How to Choose the Right Dog for your Home and Family
It’s common for families to go to a shelter and adopt a pup based on their cuteness, especially if children are helping decide. But this decision has a big influence on your family, your home environment, and your future. You may think, “we are just adopting a dog”, right? But what if your child has an allergy, or you don’t have a fenced in yard, or you want to make travel plans? Your dog can have a big influence on many aspects of life. There are several factors you need to consider when choosing the right dog. You should consider your current living environment and the status of your family, including finances and commitment to the new addition to your family. The following is a checklist of factors you should consider:
- Rural, Suburban, or Urban living
- Rural areas give active dogs, such as Whippets, Pomeranians, and Affenpinschers, freedom to play and exercise. Rural areas typically have large grassy fields, hiking or walking trails, and ponds or rivers, which are all great spots to take your dog. If your energetic dog is under-exercised, they may turn their excitement into negative energy and start chewing your couch or going through the garbage.
- Suburban areas can be suitable for an active dog depending on the activity level and the size of living space. Suburban areas typically have a mix of outdoor living space along with housing and business developments. If the dog breed you are interested in is somewhat active then a small backyard may provide enough space for your dog to burn energy. If the breed you are interested in has a high level of activeness then you may need to consider another dog or find a park where you and your dog can go to play and run.
- Urban areas, or a city setting, are suitable for dogs with a low level of activeness, such as Yorkies, Papillons, and Shih Tzus. Dog breeds with a high level of activeness may not find this type of living environment suitable if they are not provided with a large area to exude their energy. Many cities have dog-friendly parks, but you must also consider your amount of living space. A large dog in a small studio apartment might lead to cramped quarters.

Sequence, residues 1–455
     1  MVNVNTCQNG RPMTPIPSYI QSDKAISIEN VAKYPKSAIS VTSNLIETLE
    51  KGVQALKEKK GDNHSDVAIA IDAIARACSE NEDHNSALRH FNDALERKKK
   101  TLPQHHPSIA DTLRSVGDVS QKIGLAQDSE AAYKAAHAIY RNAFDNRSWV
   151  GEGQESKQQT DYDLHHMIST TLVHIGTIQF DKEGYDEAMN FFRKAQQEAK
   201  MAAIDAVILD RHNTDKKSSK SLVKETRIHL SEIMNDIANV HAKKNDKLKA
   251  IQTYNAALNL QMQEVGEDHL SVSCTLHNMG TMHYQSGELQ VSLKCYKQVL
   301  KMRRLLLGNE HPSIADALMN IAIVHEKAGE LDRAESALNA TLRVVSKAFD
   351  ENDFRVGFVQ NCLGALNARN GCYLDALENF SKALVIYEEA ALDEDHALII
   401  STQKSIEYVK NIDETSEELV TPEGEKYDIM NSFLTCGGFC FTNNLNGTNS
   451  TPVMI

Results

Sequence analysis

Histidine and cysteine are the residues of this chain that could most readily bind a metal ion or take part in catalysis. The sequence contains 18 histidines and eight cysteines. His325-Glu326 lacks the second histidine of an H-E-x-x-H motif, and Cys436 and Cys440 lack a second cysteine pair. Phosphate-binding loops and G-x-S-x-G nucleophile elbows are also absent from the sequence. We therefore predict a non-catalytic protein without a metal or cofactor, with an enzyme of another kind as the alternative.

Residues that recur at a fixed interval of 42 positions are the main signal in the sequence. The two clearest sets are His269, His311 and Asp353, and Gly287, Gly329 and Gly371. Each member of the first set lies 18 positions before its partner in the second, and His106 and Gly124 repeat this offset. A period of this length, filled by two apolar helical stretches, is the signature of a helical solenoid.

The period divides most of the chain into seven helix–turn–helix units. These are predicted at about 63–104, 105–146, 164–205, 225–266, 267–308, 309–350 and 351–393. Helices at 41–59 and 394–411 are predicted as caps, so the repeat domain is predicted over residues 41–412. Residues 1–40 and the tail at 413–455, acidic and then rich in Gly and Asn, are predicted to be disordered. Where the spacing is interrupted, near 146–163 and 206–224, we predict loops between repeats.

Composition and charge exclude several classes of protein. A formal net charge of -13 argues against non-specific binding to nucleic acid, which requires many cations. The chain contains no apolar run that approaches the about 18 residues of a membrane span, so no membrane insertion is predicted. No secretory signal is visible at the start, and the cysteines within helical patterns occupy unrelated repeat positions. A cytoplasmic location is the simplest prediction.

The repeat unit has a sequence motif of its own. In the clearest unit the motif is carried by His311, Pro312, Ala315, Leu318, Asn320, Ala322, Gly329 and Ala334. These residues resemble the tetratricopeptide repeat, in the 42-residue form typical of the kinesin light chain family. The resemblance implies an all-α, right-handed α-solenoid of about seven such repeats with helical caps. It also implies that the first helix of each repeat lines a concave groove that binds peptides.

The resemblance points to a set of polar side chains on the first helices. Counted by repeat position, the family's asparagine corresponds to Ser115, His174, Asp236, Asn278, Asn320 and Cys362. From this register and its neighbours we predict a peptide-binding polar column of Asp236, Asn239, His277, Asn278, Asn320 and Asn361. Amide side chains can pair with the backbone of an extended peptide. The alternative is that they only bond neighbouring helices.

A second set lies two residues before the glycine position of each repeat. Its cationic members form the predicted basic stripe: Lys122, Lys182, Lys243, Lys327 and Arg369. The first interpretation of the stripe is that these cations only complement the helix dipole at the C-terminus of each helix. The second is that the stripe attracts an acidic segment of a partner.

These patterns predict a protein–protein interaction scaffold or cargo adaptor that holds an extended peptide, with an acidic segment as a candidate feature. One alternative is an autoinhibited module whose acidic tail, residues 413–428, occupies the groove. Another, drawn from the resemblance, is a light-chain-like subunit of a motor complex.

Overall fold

- Climate conditions
- Hot climates are not suitable for dogs with a thick coat, such as Komondors, Kerry Blue Terriers, Bearded Collies, and Malamutes. Chihuahuas, Italian Greyhounds, and Labradors do just fine in warm or hot weather since their coats are not thick and heavy. You may be able to groom your dog’s coat to accommodate for high temperatures but your dog was purposely bred to have the type of coat they do. Instead, focus more on choosing the right dog for where you live. *Insert* Check out our article on how to prevent and treat dehydration in dogs.
- Cold climates are not suitable for dogs with coats that are not made to protect them from harsh weather, such as American Foxhounds, American Water Spaniels, and Chinese Crested Dogs. Yes, these dogs will be able to live in cold climates of course, but you must be sure not to keep them out for too long or they may get frostbite or hypothermia. Great Pyrenees, Chow Chows, and Bernese Mountain Dogs have coats suitable for cold weather. These types of dogs have coats that actually absorb heat, which insulates them and makes them too hot so they love cold weather.
- There are a handful of difficult to moderately difficult dogs to train, such as Sealyham Terriers, Pugs, and Irish Setters. Pomeranians can also be difficult to train, as we realized through our own experience when we got our first dog back in 2006. Ease of training is often overlooked but it is one of the most important factors when considering a dog. If you do not have the time, patience, or will to train your dog, you may regret your decision. You could potentially be faced with a dog urinating in the house, barking at every movement outside, and scratching at your leg under the table during dinner. All of these scenarios can create aggravating and undesirable situations, which could eventually, and unfortunately, lead to neglect. Neglecting your dog, whether you are aware of it or not, actually creates even more issues.
- There are a handful of dogs that are easy to moderately easy to train, such as Border Collies, Poodles, and Bichon Frises. Border Collies are arguably thought to be the smartest dog in the world. They are known to be able to learn hundreds and hundreds of commands, whereas the average dog is limited to under 100 commands. Border Collies are beautiful, medium-to-large sized dogs and Bichon Frises are adorable, small dogs, so you can take your pick! Also, Poodles come in both miniature and standard sizes, so you have options here too!